A beautiful quote from Eugenia Constantinou’s Thinking Orthodox: Understanding and Acquiring the Orthodox Christian Mind has been making the rounds on social media: Being Orthodox in mind requires that one accept ambiguity, uncertainty, mystery, and paradox. Perhaps this encourages humility before God. We cannot rely on clever explanations or beloved definitions, and we must accept […]
I never really wrapped up my series on Rod Dreher’s Life Not by Lies. I spent a lot of time in my previous posts discussing my problems with Rod Dreher’s historical analysis, and I promised my readers a post in which I discussed my disagreements with his ideas about Christianity (and also some comments about the places where my concerns and Dreher’s overlap, which I’ll do in this post as well). I’m on much shakier ground criticizing Dreher’s ideas about Christianity than when criticizing his ideas about history and politics; I might wander into territory where I attack Dreher’s faith itself, and I don’t want to do that. In fact, I almost gave up on this post altogether. Why would I, a relatively new convert to Orthodoxy, want to waste energy criticizing the religious beliefs of another Orthodox Christian?
I felt compelled to write today, on my favorite feast day of the Church, Pentecost. Today we celebrate the origin of the Church, when the Holy Spirit descended upon the apostles with tongues of fire and they spoke in many languages to the crowd of people who had gathered for the Jewish feast day from throughout the known world.
My priest and spiritual father gave me an English translation of Saint Jean of Saint-Denis’s Technique de la prière (A Method of Prayer for Modern Times, published by Praxis Institute Press in 1993), which I’ve been reading off-and-on since the fall. Saint Jean of Saint-Denis was born Evgraf Kovalevsky and was the first hierarch of the […]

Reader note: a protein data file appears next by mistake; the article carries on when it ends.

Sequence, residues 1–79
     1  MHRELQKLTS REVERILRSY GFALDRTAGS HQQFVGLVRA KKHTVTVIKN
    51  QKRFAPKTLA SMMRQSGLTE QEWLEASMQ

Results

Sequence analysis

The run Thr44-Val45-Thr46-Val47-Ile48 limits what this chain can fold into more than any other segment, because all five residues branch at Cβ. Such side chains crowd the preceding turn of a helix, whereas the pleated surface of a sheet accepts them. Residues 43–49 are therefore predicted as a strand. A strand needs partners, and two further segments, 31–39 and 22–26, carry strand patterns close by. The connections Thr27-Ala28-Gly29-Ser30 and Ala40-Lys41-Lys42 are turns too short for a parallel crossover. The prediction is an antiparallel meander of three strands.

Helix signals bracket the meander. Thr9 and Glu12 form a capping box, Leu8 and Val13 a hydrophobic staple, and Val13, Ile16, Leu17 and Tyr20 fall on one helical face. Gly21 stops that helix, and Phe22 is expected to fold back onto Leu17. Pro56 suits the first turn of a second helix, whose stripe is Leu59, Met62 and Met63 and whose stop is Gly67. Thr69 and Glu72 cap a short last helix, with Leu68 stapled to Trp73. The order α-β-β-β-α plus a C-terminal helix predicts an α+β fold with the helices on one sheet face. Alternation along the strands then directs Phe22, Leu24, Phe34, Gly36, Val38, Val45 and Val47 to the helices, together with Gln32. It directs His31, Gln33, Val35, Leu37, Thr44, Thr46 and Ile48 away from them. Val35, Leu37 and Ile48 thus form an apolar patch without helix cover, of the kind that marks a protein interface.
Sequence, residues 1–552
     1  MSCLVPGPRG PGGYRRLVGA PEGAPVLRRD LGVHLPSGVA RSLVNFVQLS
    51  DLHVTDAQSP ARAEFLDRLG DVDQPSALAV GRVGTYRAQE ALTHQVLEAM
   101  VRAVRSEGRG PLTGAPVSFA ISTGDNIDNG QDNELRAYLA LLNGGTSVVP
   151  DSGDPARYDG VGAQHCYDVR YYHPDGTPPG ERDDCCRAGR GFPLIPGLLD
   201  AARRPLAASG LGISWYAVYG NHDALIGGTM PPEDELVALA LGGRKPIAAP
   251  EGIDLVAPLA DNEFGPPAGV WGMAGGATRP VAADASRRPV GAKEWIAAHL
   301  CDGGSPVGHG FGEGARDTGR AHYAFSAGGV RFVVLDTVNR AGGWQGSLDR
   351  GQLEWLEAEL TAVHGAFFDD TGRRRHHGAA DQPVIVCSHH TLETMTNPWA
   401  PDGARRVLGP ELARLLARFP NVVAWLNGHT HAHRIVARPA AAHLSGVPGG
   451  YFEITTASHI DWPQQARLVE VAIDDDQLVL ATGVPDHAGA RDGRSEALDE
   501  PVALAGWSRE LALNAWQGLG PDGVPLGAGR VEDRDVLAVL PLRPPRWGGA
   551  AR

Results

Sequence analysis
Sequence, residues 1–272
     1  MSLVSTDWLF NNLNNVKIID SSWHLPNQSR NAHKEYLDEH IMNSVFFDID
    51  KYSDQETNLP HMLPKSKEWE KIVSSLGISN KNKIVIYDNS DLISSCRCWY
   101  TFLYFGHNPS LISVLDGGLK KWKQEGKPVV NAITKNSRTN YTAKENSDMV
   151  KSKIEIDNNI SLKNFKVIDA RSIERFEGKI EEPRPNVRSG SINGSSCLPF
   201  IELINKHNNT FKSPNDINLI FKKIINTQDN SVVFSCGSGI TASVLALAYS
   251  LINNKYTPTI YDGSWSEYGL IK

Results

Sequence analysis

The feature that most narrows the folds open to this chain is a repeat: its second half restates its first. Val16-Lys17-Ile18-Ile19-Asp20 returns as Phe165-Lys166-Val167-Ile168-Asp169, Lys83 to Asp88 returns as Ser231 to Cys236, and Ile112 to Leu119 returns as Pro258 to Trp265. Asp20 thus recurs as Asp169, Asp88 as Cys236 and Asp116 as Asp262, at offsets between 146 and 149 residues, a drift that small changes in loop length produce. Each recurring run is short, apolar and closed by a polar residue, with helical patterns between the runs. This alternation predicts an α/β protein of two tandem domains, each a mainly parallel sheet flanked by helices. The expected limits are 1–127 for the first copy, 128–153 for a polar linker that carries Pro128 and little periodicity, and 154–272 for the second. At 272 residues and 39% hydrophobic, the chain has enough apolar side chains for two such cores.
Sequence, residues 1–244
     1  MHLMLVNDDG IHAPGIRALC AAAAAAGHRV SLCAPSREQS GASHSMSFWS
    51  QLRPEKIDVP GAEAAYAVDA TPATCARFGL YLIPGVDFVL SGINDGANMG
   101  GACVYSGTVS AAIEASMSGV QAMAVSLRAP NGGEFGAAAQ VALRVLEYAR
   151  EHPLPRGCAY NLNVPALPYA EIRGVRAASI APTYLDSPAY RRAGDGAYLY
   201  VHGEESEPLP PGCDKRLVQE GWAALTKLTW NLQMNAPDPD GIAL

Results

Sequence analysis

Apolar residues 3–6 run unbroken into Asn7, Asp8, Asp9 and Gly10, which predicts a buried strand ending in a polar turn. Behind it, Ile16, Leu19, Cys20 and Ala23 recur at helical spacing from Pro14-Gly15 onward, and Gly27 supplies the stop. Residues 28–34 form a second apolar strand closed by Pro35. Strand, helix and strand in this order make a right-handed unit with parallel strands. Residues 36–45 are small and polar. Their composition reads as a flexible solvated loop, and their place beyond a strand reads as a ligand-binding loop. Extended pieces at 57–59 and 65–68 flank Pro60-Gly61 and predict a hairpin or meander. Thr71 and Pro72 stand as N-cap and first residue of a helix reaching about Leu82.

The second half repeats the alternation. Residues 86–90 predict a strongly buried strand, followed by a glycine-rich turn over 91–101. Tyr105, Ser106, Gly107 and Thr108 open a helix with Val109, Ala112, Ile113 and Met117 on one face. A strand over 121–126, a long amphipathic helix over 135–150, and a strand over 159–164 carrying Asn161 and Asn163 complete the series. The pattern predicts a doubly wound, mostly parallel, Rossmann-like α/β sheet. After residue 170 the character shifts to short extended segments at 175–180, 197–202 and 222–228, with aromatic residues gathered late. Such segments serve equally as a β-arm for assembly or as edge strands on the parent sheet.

Rod Dreher’s magazine, The American Conservative, recently published a review of Professor Carol Any’s new book on censorship, self-censorship, and the Soviet Writers’ Union under Joseph Stalin. The review’s author, literary scholar Gary Saul Morson, makes an oblique reference to the “cherished causes and moralistic ideologies” of the present day, but apart from that does not draw too many analogous between the very concrete, horrific oppression described in Any’s book and “cancel culture” in 2021.
My foray into Rod Dreher and the culture war that follows him like his own personal raincloud began with this post from December, where I recorded Dreher’s engagement with several so-called “leftist Orthodox brigade.” These Orthoprogressives, warned Dreher, are on the march.
I begin this series on Rod Dreher’s Live Not By Lies by examining a nearly fifty-year-old essay that inspired the title of Dreher’s book: Alexander Solzhenitsyn’s “Live Not By Lies,” dated February 12, 1974, the same day the KGB broke into Solzhenitsyn’s apartment and arrested him, seizing a draft of his Gulag Archipelago (already published and circulating through the West) as a pretense for his arrest.
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